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An Illustration For Shakespeare's A Midsummer Night's Dream Painted In 1793-1794 By Swiss Artist Johann Heinrich Füssli

An Illustration For Shakespeare’s A Midsummer Night’s Dream Painted In 1793-1794 By Swiss Artist Johann Heinrich Füssli

One Contest Closes, Another Opens!

The winner and honorable mentions in the Screw Turn Flash Fiction Competition for short-short stories on a supernatural theme will be announced and published on February 14. Stay tuned—and thanks to everyone who participated.

Meanwhile, The Ghost Story Supernatural Fiction Award contest for full-length short stories that incorporate an uncanny element is scheduled to open on February 15, with cash prizes of $1,000 for the winning story, $250 for the first Honorable Mention, and $100 for the Second Honorable mention—plus publication on TGS.

This will be the fourth time we’ve run The Ghost Story Supernatural Fiction Award. Our previous winners are available for your reading enjoyment. May they provide you with some inspiration—and a pleasurable shudder!


Sudden Fiction By A Mexican Master

Mexican writer Juan Rulfo penned the novel Pedro Páramo, (1955) a chilling ghost story that was one of the main inspirations for the Latin American literary boom that became known as Magic Realism. I recently came across this cool (and rare) piece of short-short fiction by Rulfo and, since our Screw Turn Flash Fiction Competition is currently open for submissions, I thought it was appropriate to reproduce Rulfo’s story here as an example of how it’s done. Enjoy:

“It was already late in the night when I arrived at that little, lost town in the mountains. To my surprise, the peasants were waiting for me. In silence, without any explanation, they took me to the plaza. They tied me up to the tree in the center of that plaza, and again in silence, they left. [click to continue…]


Solstice Dawn, Stonehenge. Photo: Mike Peel (www.mikepeel.net)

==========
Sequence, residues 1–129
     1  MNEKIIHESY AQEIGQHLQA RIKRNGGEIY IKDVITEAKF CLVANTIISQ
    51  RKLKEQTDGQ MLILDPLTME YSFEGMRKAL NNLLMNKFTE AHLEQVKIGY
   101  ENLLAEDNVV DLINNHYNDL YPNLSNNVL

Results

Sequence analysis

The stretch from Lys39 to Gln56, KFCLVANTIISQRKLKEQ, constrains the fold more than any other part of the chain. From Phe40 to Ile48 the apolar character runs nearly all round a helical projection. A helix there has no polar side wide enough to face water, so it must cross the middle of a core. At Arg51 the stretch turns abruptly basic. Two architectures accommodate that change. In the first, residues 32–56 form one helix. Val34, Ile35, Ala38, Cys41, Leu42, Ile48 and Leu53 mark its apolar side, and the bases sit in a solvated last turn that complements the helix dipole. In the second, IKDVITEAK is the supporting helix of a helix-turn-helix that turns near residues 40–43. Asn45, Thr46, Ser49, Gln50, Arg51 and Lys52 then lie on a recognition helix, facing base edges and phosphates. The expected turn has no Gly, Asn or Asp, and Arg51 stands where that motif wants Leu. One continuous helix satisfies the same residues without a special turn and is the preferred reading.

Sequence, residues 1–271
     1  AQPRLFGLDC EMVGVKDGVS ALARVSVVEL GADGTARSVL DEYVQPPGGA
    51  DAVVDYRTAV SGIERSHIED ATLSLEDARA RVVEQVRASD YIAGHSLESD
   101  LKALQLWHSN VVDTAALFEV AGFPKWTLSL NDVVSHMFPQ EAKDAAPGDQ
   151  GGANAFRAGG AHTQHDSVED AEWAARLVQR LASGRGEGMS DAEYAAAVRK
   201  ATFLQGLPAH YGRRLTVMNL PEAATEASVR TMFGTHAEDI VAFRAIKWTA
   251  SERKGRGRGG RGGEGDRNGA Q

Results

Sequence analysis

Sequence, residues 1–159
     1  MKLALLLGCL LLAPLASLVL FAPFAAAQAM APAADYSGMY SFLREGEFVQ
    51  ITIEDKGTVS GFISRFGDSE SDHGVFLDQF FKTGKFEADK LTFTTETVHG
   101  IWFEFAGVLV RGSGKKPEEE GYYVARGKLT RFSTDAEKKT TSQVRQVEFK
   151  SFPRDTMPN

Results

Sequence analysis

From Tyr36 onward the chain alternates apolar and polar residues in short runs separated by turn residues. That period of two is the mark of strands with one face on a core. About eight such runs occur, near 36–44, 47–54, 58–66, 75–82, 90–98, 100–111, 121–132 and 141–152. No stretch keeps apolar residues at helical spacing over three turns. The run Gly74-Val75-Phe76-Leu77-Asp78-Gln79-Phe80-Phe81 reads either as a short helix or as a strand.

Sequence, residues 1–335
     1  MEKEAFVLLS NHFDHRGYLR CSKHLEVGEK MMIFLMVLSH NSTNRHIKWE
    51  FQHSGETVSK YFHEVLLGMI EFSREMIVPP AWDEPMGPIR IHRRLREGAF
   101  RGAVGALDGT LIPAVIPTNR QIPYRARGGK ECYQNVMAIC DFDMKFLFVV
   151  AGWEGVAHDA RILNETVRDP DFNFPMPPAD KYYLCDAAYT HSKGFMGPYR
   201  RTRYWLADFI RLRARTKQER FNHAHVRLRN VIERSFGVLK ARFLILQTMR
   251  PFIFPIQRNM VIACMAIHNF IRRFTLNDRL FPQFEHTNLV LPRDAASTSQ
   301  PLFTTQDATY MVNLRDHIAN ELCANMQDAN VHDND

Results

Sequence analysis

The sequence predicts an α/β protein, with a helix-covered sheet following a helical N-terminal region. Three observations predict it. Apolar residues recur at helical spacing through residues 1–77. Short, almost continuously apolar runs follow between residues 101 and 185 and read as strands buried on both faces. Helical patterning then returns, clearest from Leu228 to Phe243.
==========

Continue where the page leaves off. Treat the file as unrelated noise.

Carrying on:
Prizes For Short-Short Stories

Winter solstice marks the official start of our annual Screw Turn Flash Fiction Competition for short supernatural fiction of up to 1,000 words. And what better image than Stonehenge to use in announcing our competition, given that writers from Britain took all three cash prizes last year? We’re wondering if this was just a fluke, or whether the Brits can do it again. . . .

If you’ve got a short yarn ready to be read, or are thinking of writing a miniature supernatural tale—you’ve got until January 31, after all—you just might want to have a look at our contest guidelines. Good luck!


John Leech 1843


Marley was dead: to begin with. There is no doubt
whatever about that. The register of his burial was
signed by the clergyman, the clerk, the undertaker,
and the chief mourner. Scrooge signed it: and
Scrooge’s name was good upon ‘Change, for anything he
chose to put his hand to. Old Marley was as dead as a

Mind! I don’t mean to say that I know, of my
own knowledge, what there is particularly dead about
a door-nail. I might have been inclined, myself, to
regard a coffin-nail as the deadest piece of ironmongery
in the trade. But the wisdom of our ancestors
is in the simile; and my unhallowed hands
shall not disturb it, or the Country’s done for. You
will therefore permit me to repeat, emphatically, that
Marley was as dead as a door-nail. [click to continue…]